In late 1944 we were living in one tiny furnished room in the port of Lowestoft. We had lost all our belongings months early when our London flat suffered a direct hit from one of the first V1 flying bombs. We had only the clothes on our backs and Lily’s husband was now in the Far East. Christmas promised to be a bleak time.
Walking to school each day, I passed a shop window displaying a fabulous handmade jeep complete with its own garage. I often stopped for a brief moment to admire this beautiful toy. Having lost everything in Seven Kings, I had no toys. Lily walked me to school and met me again in the afternoons. I tried to stop her at the shop window in an attempt to interest her in the jeep, and I’d ask if she thought Father Christmas might bring me one. But always I received the same answer: “Who knows what you might get if you’re good.”
By mid-December, Lily was aware she was pregnant, and immediately a much greater dilemma loomed over us. With Ben gone, expecting a baby, looking after me, and living in a furnished room were hardly practical. Options were limited . Possibly, we could have moved in with Ben’s parents, but that was probably a last resort. The only other option was to return home to Belfast. With Christmas almost upon us, Lily decided for the moment to remain in Lowestoft. She wrote to Ben telling him the good news, and no doubt to seek his advice. She also sent a letter to Pop exploring his feelings about the two of us returning to Northumberland Street. Mail in wartime was very slow, so she had to patiently await answers to both letters.
On December 25th I awoke at the crack of dawn to find that fabulous Jeep and garage waiting for me by the fireplace. The same jeep I had eyed in the shop window for so long was mine at last. Christmas morning of 1944 was indeed a very happy time. I had no inkling of the disaster looming over my life, or the events that would shatter everything I believed.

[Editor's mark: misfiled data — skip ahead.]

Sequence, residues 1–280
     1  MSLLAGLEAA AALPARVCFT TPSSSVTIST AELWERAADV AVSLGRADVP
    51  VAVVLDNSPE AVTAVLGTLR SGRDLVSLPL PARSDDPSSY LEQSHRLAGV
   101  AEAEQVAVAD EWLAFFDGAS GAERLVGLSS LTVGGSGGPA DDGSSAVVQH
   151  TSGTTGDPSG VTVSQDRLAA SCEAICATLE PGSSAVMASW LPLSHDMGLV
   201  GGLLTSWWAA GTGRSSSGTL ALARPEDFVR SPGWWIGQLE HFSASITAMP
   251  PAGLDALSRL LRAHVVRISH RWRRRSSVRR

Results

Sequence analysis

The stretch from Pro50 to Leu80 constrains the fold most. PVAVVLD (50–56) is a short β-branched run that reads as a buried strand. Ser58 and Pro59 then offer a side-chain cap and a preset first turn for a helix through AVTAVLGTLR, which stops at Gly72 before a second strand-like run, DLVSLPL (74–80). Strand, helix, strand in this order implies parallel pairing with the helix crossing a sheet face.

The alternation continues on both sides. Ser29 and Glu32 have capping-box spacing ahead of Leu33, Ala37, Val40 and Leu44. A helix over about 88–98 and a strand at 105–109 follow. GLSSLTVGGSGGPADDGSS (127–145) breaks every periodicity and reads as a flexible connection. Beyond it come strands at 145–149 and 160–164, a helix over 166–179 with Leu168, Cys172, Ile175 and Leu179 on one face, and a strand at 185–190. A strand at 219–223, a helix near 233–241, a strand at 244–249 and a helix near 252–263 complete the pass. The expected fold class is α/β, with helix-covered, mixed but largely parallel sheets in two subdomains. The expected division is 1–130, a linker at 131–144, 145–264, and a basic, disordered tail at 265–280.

Just a few days after Christmas, the postman delivered a parcel. It was wrapped in brown paper and secured with string; it had at least a dozen foreign stamps above the address. A thrill of excitement ran through me as Lily placed the mysterious package on the kitchen table. Looking back many years later, I often think of the song “Brown Paper Packages Tied Up With String”. In 1944, it was, without a doubt, one of my favourite things.
The parcel was from Ben, now stationed in India, and had taken almost three months to reach us. Opening it was very exciting, just like Christmas all over again. Lily began removing the string and paper, careful to save both items for later reuse. Under the wrapping was a large, square biscuit tin with an oval shaped lid. Using a knife to pry it open, she revealed a banana, the first I had even seen or tasted. The skin was black rather than yellow, which I knew from pictures that bananas were supposed to be. It was overripe it was almost beyond use, and the best Lily could do was to spread it on two slices of bread. Small details like this didn’t bother me. A banana was still a banana, and regardless of the colour, it tasted delicious. There were also two very mouldy oranges, so green and smelly we had to throw them out, and two 1/4 lb. packages of Indian tea, which Lily was delighted to find. Unable to remember the last time she’d tasted a real cup of tea, she immediately put the kettle on. Also enclosed was some silk material, thread and needles, a can of meat, and a jar of jam. “Wow!” I thought – this was even better than Christmas Day. Opening the parcel was a happy event, and one I’m sure cheered Lily up, perhaps helping her forget her problems, if only for a brief moment. Smiling, she settled down with a cup of tea to read Ben’s enclosed letter.
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